Article

More Than a Pious Wish: Living into the Story

It is nothing but a pious wish and a grossly unwarranted hope that students trained to be passive and non-creative in school will suddenly, upon graduation, actively contribute to the formation of Christian culture. —Nicholas Wolterstorff

Every parent and high school teacher prays that the years spent engaging in Christian education will have a lasting impact on the way their children and students serve the Lord. We want our students to see God’s story in the content they learn, interactions they have, and activities in which they participate; but even more, our deep hope is that our students desire to engage in the world in powerful ways that demonstrate their love for God. We want them to live into God’s story as high schoolers and beyond.

Waking Up to God’s Beauty

Roberta’s art students are living into God’s story. During the last year in her drawing/painting and graphics classrooms, students wrestled with the questions, “What’s worth doing?” and “What is beauty?” As the semester progressed, their definitions of beauty changed. They found loveliness in aged, wrinkled faces at Byron Manor, where residents wore all their joy and sorrow on faces that have seen eighty, ninety, or even one hundred years. Roberta’s students were challenged to tell the story of beauty in their drawings, the story of the beauty and wisdom in the people they met.
Grounded in transformative and curricular learning objectives, Roberta designed a formational learning experience that invited, nurtured, and empowered her students to do real work to meet real needs of real people. Each student was instructed to create a portrait of a Byron Manor resident that conveyed an authentic physical representation of the person as well as the essence of his or her personality. No small task, this required vulnerability on the part of both the Byron Manor residents and the artists. As they sketched and drew, Roberta’s students engaged in conversations with their subjects, getting to know them on a personal and deeper level. Many of the residents were lonely, and some experienced dementia, but the respect and care with which the artists engaged and connected was a blessing.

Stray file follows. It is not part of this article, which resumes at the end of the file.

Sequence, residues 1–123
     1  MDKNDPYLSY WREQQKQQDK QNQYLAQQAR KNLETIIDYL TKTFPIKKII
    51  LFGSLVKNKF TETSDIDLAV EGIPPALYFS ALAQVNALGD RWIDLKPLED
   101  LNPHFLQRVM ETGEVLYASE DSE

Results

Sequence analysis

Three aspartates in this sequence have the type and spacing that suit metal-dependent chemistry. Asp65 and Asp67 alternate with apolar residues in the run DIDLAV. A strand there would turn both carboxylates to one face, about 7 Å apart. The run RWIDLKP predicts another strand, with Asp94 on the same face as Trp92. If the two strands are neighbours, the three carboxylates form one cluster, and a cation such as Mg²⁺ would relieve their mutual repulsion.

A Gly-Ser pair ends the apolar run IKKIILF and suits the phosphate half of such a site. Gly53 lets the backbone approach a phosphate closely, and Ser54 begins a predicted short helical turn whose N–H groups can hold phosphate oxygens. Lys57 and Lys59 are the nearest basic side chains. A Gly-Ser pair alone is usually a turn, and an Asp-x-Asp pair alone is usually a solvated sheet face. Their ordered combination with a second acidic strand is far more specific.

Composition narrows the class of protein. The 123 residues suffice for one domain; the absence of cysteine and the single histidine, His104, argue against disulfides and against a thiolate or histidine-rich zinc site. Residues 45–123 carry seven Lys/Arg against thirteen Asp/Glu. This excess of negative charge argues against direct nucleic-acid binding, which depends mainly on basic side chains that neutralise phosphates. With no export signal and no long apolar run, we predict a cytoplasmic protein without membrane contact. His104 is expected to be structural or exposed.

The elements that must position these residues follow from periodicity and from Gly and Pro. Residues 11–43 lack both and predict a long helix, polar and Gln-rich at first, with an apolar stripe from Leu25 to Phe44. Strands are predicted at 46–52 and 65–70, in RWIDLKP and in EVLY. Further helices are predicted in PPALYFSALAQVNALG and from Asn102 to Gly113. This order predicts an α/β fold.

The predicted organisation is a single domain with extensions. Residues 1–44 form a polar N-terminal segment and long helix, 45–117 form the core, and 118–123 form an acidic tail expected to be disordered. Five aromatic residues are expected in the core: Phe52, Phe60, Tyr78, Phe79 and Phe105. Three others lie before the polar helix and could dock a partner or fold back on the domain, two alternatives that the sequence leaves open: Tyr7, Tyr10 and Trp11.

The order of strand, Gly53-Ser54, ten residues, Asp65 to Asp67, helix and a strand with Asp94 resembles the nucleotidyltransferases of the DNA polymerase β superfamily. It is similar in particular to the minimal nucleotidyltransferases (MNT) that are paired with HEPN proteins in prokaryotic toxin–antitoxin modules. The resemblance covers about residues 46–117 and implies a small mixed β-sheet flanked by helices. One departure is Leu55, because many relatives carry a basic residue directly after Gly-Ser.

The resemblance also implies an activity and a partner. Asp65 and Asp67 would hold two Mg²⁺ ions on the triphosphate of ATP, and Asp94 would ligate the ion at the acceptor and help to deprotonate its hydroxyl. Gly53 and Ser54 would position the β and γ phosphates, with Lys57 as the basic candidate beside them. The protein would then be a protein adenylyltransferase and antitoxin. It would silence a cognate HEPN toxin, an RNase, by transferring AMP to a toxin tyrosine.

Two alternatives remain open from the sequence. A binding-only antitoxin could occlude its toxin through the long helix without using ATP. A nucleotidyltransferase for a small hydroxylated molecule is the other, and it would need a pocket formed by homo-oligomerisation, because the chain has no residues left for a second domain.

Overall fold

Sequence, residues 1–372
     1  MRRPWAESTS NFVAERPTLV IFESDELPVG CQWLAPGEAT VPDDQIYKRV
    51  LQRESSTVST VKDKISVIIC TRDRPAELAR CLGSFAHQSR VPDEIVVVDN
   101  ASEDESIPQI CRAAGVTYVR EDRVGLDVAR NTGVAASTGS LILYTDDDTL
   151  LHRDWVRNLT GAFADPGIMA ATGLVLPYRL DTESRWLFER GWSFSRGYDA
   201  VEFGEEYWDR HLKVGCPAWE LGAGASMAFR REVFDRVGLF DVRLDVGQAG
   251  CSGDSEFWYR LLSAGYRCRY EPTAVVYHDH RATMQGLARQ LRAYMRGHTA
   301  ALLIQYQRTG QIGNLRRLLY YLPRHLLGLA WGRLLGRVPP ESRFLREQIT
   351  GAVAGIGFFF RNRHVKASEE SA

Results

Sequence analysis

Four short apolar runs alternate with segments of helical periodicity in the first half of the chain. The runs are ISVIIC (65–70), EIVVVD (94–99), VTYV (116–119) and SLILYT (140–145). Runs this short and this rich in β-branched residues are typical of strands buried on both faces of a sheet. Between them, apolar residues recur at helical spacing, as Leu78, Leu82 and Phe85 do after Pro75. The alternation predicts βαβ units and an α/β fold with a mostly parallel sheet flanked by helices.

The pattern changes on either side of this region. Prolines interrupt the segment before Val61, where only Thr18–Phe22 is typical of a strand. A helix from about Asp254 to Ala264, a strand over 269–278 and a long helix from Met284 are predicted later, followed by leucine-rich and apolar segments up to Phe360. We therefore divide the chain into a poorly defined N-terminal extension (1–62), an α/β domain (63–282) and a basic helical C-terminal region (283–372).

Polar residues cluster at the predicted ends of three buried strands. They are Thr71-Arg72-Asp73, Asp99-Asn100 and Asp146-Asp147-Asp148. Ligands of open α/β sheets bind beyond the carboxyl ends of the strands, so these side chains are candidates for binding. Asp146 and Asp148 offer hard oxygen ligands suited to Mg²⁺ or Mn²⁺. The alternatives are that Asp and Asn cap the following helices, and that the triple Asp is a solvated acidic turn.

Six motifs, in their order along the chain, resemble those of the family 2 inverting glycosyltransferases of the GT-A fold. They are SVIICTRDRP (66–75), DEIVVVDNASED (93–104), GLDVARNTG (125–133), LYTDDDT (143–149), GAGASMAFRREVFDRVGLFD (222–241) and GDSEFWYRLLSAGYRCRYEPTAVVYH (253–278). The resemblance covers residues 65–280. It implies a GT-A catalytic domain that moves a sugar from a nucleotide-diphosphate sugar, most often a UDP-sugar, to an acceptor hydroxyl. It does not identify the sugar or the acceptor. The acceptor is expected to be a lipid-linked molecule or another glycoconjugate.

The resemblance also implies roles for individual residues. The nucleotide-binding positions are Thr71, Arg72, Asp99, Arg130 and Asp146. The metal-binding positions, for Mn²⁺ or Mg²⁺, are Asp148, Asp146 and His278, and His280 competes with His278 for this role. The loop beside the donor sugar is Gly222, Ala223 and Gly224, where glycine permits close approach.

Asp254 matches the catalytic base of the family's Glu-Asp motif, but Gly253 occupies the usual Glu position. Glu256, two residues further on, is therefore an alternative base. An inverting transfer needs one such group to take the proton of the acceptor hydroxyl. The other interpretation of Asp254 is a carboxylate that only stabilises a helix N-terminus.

After weeks of work, the portraits were ready for delivery and were hung in the hallways of Byron Manor for all to see. [This is only part of the article. Want to read more? Subscribe to the website by choosing "Register" from the menu above. It's free!]


Work Cited

Wolterstorff, N. (2002). Educating for Life: Reflections on Christian Teaching and Learning (Eds. Gloria Goris Stronks & Clarence Joldersma). Grand Rapids, MI: Baker Academic. p. 31.


Pat Kornelis is a professor of education at Dordt College, teaching graduate courses in teacher leadership, assessment practices, and advanced educational psychology. She also serves as a CACE fellow and school designer for TfT.

The following teachers are mentioned in this article:

Audra Faber teaches biology, anatomy and physiology, environmental science, and physical education at Pella Christian High School in Pella, Iowa. She is currently in her twentieth year of teaching.

Roberta VanHaitsma currently serves as the art department chair at South Christian High School in Grand Rapids, Michigan. She teaches art and graphic design courses.

Janie Van Dyke has been teaching English for thirty-four years. She currently teaches English at Unity Christian High School in Orange City, Iowa.